The Register has a piece on an arbitration case where our own DVLA (Drive Vehicle Licensing Authority) wanted to take the DVLA.com domain name from its present owners, DVL Automation. I don’t have a clue about this case, why it came up nor do I know any of the background so I won’t comment on the merits of the case itself. But, it did make me think about URLs for government.
Government, of course, owns the “.gov” domain (in our case the “.gov.uk” domain) so we can pretty much put whatever we want in there (check the site www.hedgehogs.gov.uk) if you want proof. There are some rules, but given that we have more than 2,300 domain names it doesn’t seem likely that they are too stringent. So, if you’re a government department, you take your name, append “.gov.uk” and there you have it. So we have “dwp.gov.uk”, “cabinet-office.gov.uk” and so on.
But that, as I’ve said (once or twice) before is government speak. Even making it “dwp.com”, if we could do such a thing doesn’t make it any less government speak. It may be a few keystrokes shorter, but if someone is looking for “child benefit” (and I know I keep using that example, I could just as easily talk about fuel allowances or oil taxation or where you go when you want to export a collectible flint-lock rifle) would they know or care that it’s at “dwp.com” or “dwp.gov.uk”? I guess they might if they were either Internet-savvy or government savvy.
Don’t people find what they are looking for using a search engine? Do they even know the domain name of the site that they arrive at? It may be that you check the domain name when dealing with government because you trust the “.gov.uk” tag as a sign that it’s real, but I’m not even sure about that (the fact that people check as well as, perhaps, the fact that it must be real if it’s in the browser bar). If you type “child benefit” into google, the first entry is a page deep in the DWP website, so that works fine. Funnily enough, the first link on ukonline from that search is about “child tax credits” – I’ve written before about how confusing that must be for people; the third is child benefit.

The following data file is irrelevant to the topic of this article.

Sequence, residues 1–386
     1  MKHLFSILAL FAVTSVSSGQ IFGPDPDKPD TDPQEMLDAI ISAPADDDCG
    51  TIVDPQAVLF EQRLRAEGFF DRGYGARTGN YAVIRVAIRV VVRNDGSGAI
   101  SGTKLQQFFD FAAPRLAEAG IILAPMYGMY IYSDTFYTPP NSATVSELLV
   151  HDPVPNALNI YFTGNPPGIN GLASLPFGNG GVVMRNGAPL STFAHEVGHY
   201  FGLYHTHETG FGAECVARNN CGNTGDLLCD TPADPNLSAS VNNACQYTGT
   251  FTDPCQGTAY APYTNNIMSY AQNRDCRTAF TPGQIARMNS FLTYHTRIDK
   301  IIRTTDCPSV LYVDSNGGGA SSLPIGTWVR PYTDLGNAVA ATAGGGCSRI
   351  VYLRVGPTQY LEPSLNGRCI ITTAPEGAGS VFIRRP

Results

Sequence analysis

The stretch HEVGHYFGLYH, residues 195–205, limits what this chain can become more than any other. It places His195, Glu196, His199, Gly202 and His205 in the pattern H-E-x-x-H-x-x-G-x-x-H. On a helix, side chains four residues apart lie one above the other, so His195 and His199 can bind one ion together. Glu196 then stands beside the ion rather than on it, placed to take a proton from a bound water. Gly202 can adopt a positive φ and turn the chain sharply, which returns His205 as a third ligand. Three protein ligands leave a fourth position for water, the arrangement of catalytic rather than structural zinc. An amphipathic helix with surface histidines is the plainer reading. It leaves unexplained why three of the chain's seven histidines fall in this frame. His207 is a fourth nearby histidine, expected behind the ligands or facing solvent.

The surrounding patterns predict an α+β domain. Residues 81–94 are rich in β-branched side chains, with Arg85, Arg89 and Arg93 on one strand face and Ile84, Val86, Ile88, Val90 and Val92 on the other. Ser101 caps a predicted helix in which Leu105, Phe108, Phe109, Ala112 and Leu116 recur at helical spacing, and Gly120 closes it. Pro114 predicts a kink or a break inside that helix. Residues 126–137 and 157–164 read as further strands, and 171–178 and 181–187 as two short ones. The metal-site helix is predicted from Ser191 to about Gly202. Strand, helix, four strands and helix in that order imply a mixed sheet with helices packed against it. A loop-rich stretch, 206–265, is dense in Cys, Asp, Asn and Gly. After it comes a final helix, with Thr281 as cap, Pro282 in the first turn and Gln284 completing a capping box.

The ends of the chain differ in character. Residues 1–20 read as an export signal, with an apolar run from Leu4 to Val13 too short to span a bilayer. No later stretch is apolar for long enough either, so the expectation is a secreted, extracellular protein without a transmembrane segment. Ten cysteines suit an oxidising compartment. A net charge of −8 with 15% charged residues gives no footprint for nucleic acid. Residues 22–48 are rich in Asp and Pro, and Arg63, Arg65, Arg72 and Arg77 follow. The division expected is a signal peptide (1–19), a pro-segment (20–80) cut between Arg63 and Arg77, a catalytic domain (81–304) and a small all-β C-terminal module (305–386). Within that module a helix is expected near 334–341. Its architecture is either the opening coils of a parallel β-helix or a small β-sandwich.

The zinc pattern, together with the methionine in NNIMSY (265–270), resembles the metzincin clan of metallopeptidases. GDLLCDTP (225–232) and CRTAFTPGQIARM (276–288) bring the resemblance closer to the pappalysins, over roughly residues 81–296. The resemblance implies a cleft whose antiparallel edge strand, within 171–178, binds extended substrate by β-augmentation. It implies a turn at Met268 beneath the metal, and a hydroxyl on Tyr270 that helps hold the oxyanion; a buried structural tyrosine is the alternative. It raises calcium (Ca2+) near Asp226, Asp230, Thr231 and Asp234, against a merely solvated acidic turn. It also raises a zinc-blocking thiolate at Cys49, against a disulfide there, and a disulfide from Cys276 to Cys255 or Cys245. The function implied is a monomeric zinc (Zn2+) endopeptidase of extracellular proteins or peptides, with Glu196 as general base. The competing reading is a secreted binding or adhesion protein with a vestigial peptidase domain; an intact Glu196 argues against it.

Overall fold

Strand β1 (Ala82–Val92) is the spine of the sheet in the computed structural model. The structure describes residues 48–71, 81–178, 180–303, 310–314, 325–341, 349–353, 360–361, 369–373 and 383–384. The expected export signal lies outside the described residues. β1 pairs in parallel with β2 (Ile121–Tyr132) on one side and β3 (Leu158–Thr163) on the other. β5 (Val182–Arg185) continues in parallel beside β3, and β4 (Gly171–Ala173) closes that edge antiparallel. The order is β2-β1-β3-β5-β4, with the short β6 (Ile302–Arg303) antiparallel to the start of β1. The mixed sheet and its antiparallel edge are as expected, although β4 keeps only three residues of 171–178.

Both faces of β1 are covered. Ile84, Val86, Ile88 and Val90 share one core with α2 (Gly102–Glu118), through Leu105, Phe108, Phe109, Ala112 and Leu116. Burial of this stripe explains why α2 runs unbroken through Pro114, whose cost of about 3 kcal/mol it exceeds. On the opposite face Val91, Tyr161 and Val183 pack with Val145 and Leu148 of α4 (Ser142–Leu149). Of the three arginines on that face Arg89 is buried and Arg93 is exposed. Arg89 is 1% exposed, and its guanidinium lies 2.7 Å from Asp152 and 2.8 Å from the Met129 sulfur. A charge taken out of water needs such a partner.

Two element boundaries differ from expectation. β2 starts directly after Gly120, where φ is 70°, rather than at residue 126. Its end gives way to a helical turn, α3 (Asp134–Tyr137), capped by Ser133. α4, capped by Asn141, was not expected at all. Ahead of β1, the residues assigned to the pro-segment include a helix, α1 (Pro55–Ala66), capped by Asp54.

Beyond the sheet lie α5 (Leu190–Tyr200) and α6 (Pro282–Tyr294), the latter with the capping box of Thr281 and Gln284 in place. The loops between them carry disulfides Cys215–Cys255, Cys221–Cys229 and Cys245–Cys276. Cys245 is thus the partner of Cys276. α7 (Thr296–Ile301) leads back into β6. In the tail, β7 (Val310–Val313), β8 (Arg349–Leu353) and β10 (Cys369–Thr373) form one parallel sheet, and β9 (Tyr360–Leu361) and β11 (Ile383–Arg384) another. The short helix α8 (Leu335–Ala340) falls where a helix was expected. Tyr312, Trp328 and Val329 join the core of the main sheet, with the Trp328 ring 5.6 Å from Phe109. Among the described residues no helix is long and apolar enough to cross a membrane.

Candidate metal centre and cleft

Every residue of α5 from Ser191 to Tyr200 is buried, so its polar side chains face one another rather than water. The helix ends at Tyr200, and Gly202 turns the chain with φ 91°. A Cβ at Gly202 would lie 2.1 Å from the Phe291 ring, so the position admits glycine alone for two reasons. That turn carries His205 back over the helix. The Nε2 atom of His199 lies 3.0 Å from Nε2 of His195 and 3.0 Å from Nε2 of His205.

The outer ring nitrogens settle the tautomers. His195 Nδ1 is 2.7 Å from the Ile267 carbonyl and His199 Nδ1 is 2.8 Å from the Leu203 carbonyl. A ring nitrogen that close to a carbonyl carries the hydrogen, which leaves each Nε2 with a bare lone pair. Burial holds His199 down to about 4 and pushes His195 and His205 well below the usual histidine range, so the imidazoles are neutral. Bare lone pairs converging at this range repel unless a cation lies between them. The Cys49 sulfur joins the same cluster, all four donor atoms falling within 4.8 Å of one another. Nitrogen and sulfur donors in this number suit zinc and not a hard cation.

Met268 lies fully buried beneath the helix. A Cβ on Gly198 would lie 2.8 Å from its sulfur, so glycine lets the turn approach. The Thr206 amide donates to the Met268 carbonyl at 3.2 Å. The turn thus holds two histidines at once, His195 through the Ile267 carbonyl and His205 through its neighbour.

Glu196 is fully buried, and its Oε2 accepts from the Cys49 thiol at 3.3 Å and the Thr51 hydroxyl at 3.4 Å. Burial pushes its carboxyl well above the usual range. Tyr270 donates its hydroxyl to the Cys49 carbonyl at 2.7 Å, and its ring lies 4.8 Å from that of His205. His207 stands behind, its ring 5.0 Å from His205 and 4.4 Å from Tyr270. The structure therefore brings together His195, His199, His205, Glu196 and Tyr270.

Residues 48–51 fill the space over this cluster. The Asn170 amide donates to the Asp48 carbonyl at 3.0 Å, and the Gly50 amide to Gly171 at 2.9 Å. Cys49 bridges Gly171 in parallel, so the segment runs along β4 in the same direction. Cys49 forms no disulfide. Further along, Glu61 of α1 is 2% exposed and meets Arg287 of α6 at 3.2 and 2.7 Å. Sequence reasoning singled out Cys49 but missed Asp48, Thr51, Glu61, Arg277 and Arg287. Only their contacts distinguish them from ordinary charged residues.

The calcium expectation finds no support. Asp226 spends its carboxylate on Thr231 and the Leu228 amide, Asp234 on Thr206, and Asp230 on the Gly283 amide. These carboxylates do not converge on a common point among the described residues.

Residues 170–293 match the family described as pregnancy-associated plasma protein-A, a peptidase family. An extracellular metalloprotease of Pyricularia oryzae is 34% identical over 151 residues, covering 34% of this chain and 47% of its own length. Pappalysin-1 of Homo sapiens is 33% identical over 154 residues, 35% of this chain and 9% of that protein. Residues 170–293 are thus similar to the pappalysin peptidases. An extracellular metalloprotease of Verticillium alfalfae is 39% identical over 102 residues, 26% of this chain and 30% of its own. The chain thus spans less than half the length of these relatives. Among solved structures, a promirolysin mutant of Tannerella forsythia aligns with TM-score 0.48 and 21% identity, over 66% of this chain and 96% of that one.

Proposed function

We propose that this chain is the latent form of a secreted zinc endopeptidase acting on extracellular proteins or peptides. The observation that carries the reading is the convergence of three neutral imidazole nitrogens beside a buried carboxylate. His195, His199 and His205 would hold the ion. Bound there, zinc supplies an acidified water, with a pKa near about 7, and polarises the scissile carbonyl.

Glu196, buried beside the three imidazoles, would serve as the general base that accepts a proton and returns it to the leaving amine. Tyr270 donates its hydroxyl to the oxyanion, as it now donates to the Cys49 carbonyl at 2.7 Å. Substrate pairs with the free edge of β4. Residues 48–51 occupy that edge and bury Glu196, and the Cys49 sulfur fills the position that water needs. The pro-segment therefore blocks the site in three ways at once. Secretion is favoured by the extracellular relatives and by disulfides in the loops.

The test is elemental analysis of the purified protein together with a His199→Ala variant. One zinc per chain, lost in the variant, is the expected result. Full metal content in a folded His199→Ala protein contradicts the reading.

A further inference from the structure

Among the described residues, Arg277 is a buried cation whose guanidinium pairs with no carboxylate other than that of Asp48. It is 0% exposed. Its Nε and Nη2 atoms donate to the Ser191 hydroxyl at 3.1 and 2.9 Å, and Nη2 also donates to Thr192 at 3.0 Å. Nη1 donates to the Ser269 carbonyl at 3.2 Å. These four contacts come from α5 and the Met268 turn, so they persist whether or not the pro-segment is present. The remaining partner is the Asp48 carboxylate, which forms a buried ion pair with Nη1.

The other way people find the stuff that they are looking for is probably by looking at whatever piece of paper they’ve got in their hands from the department. I know when I pay my British Gas bill it sends me to “house.co.uk” – nothing to do with Gas at all. So, a piece of paper from DVLA could have “dvla.gov.uk” or even “motoring.gov.uk” or something similar printed on it (and I imagine it would make sense to put it on every page so that people didn’t hunt for it). Once they were there, they’d bookmark it if it was good. And if it wasn’t, well they’d find it the next time using the same bit of paper or the search engine again.
So, either you need a great search engine, a marketing strategy that stamps your domain name on every single bit of paper that leaves your office, or maybe just a single domain name that gets you everywhere you want quickly and easily. The folks in Dubai have gone for the latter, so far we in the UK have gone for a mix of everything (without success as so many surveys and press reports tell me regularly – there’s a message there for the UK) – but there is still the matter have 1800 sites to navigate around. So, in the end, I don’t know what DVLA were trying to do when they had all the other tools at their disposal – but, as I said, I wasn’t close to the case (and I know the square root of nothing about domain name politics – I’ll stick to e-government if that’s ok).